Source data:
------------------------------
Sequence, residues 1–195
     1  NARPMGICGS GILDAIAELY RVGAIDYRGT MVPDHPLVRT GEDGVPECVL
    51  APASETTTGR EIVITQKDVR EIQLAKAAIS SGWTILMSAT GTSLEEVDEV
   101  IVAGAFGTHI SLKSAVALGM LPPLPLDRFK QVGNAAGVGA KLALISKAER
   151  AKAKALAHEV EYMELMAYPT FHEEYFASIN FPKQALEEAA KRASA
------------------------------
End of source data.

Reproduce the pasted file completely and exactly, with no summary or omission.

Sequence, residues 1–195
     1  NARPMGICGS GILDAIAELY RVGAIDYRGT MVPDHPLVRT GEDGVPECVL
    51  APASETTTGR EIVITQKDVR EIQLAKAAIS SGWTILMSAT GTSLEEVDEV
   101  IVAGAFGTHI SLKSAVALGM LPPLPLDRFK QVGNAAGVGA KLALISKAER
   151  AKAKALAHEV EYMELMAYPT FHEEYFASIN FPKQALEEAA KRASA